God grants Christians His kindness — on the condition that THEY CONTINUE IN HIS KINDNESS; i.e., obey His commandments and maintain their faith. Otherwise, their fate sounds much similar to the barren ground or the dead vine branches.

Eternal security?

Paul says in Galatians 5:1:

It was for freedom that Christ set us free; therefore do not be subject again to a yoke of slavery.

The “yoke of slavery” mentioned in that verse is the slavery of sin. Christ sets us free from sin, but we can still leave that freedom and return to that slavery. Paul would not have given this admonition if we were incapable of falling away and losing our salvation.

The apostle Peter writes of false prophets (or, false preachers) and the disastrous effect they can have on God’s people in II Peter 2:18-22:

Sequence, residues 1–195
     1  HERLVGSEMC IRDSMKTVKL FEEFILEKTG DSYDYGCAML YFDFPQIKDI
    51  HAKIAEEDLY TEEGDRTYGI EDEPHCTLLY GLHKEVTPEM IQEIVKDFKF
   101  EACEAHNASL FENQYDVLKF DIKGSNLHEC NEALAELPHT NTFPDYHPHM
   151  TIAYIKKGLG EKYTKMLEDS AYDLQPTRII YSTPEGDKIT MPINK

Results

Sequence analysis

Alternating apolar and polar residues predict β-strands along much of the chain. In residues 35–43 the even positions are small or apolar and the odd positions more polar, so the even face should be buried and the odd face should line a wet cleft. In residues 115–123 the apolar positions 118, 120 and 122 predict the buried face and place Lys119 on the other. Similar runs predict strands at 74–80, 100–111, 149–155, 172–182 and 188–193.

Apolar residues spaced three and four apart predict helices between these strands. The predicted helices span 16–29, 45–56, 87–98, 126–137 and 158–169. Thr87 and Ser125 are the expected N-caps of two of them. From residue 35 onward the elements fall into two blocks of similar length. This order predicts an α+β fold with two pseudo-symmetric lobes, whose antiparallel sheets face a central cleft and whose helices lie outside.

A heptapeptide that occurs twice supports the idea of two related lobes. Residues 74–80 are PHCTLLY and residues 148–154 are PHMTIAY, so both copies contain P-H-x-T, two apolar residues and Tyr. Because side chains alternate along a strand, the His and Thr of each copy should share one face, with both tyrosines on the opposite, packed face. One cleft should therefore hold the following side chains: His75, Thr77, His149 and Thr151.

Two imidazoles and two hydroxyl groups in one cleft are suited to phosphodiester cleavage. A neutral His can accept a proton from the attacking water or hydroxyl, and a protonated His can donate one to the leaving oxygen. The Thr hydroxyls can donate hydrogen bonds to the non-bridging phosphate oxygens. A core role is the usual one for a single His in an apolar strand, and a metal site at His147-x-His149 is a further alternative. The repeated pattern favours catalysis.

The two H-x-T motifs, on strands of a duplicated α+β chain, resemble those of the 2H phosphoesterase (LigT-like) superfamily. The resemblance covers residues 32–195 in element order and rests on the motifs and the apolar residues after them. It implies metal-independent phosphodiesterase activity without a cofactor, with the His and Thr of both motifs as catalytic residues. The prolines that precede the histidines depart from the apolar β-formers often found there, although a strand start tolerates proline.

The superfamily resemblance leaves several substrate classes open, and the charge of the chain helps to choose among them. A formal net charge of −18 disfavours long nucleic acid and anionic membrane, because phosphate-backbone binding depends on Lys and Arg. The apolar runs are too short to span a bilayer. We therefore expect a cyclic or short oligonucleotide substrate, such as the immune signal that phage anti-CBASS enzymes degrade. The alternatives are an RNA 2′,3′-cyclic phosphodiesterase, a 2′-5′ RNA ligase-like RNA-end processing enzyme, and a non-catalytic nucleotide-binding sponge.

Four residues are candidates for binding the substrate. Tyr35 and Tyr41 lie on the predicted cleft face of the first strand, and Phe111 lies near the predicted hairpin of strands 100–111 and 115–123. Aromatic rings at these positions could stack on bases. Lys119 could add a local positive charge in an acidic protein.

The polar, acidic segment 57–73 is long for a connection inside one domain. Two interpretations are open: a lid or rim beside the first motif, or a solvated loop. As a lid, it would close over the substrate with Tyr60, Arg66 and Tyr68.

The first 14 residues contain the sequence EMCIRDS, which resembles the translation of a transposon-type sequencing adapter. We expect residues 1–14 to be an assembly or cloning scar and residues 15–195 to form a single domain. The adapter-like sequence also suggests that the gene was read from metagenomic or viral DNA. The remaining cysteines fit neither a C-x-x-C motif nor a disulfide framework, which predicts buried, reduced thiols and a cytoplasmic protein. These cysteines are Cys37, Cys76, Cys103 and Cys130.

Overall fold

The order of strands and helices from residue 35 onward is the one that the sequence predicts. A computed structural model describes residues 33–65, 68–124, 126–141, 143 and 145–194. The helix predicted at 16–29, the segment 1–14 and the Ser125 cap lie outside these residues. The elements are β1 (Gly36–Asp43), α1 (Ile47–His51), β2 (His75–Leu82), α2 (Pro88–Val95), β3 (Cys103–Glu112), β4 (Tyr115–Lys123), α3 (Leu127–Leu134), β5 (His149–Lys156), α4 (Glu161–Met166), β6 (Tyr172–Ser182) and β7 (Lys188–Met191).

For speaking out arrogant words of vanity they entice by fleshly desires, by sensuality, those who barely escape from the ones who live in error, promising them freedom while they themselves are slaves of corruption; for by what a man is overcome, by this he is enslaved. For if, after they have escaped the defilements of the world by the knowledge of the Lord and Savior Jesus Christ, they are again entangled in them and are overcome, the last state has become worse for them than the first. For it would be better for them not to have known the way of righteousness, than having known it, to turn away from the holy commandment handed on to them. It has happened to them according to the true proverb, “A dog returns to its own vomit”, and, “A sow, after washing, returns to wallowing in the mire.”

Peter is here saying that if you were condemned prior to knowing and embracing Christ, you will be even more condemned if, AFTER knowing Christ, you willfully return to your old sinful ways. That most certainly doesn’t sound like eternal security!